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How to support my children thru aftermath of a possible suicide in the family?

post #1 of 7
Thread Starter 

Hi everyone 


Please excuse me for just hopping right in here.  I don't participate in discussion groups much anymore, but I was here when my kids were babies. . . I belonged to a lot of boards back then & don't recall my old username, though.



To get to my question:  my sons' stepmother died suddenly a few days ago.  She was only in her early 30s.  Everyone is shocked, no one expected this.  Poor ex DH is devastated.  greensad.gif   Just talked to him & he said they are considering it a possible suicide.  


The boys are 10 & 9, and we share custody, week-on week-off more or less.  They don't know the details of how she died (I don't either; ex-DH didn't volunteer any information other than the above).  They are with me this week, I am so glad they weren't at their dad's when she passed.  But they took a couple days off school to spend with him. I was there as well, for part of that time (the funeral etc.) I have seen them all (ex & the kids) crying together, but mostly they are keeping it up beat.  This Friday is switch over day when they go to their dad's.  


As I said, ex DH is clearly very sad, and there were a few times the boys were crying with him, but at home with me, they almost seemed as if it hadn't happened.  I remember from Psychology class that children are not like adults when grieving the death of someone close. . . I forget how they are different though.  dizzy.gif  I kept expecting them to suddenly break down and start freaking out suddenly, or something.  Goodness knows, they have done so over much less important things, like not getting a video game, for example.  eyesroll.gif  


I'm not planning to say anything to them about suicide and neither is ex, first of all, they are little kids, secondly we don't know that to be the case  It has occurred to me (this is just me, knowing nothing, though) that we might never know if it was or not.  But anyway, I don't think they would need to know that.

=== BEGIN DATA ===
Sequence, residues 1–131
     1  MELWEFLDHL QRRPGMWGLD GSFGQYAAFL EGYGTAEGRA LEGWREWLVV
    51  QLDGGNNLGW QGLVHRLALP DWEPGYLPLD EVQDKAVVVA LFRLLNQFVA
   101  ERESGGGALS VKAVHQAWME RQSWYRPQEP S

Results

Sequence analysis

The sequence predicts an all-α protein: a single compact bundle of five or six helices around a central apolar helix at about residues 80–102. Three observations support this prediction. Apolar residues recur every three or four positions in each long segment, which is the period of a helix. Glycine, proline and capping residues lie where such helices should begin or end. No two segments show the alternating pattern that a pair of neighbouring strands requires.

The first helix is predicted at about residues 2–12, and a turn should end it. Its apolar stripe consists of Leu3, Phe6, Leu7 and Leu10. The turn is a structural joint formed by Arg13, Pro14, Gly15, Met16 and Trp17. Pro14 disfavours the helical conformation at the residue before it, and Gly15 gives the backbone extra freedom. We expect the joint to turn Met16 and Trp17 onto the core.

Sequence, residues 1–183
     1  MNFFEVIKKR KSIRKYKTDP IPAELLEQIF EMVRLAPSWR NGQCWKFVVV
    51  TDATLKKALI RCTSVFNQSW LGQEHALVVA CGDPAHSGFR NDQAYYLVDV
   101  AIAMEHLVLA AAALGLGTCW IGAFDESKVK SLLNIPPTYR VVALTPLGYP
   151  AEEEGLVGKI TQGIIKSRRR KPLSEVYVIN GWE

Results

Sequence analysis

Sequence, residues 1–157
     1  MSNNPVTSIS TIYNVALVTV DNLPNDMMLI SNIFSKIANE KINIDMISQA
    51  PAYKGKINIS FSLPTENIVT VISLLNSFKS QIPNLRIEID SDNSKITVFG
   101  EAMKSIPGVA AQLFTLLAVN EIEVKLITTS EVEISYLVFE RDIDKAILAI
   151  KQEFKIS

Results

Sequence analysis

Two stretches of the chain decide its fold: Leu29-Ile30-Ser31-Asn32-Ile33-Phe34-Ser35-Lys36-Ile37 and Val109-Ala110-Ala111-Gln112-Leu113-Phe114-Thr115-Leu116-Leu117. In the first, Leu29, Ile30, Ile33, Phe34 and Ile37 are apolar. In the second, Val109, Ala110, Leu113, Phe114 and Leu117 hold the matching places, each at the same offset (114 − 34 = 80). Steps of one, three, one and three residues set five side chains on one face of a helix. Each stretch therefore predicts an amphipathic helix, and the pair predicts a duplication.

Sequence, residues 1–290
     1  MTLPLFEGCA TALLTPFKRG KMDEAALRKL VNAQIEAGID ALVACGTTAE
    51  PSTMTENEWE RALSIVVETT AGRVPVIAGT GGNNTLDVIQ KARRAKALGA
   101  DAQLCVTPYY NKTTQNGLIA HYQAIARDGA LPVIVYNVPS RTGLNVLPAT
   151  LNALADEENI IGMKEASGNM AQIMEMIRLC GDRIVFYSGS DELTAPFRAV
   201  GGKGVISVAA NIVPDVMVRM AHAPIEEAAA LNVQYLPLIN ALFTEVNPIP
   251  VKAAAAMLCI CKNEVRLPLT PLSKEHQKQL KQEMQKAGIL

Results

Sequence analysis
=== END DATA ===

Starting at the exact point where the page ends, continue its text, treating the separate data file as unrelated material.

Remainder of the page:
I wonder if anyone has any ideas how I can expect them to react as they process her death, and the best ways to support them (and ex DH) while they are going through this.  So far the kids have not shared it with anyone at school.  I did call their teachers when I first found out, & let them know that the boys' step mom had died, because I kind of expected the kids to maybe be acting differently at school, or might need to be consoled.  But when they came home today (1st day back) they told me they hadn't mentioned it to anybody, teachers or friends.  That surprised me.


Thank you, nice to meet you  flower.gif  

post #2 of 7

I am so sorry for your son's and your families loss.

I think .... there will be rumors around town if your town is anything like mine and it would be better coming from you and your ex... I also would not lie- I would say we do not know what happened yet and when we do we will tell you. Then when you do know for sure I would tell them gently.

If it does come out that she committed suicide I would tell them she was very very sick and that it had nothing to do with them.

I would contact a child counselor or other expert and see what they say.  You may want to get them into counseling now or down the road.

Last year I had a neighbor who killed himself and he had a 12 yo son.  IT was devastating.  The whole town talked about it tho and the kids was questioned by other kids at school. I don't know how he handled it but I can only imagine how hard it was.

We also had a kindergarten teacher in a neighboring town commit suicide in the classroom this year... the kids knew about it... the little ones know she was sick and died but my 8 yo knew the truth and the kids his age did to- so we had to talk about it.


Thats just my two cents.... I am not an expert but this is how I think I would handle it... I could not imagine if my kids step mom passed away- they are very close to her.... they would be very very devastated and they see her less than your kids did her.... oh mama I am so so so sorry.

post #3 of 7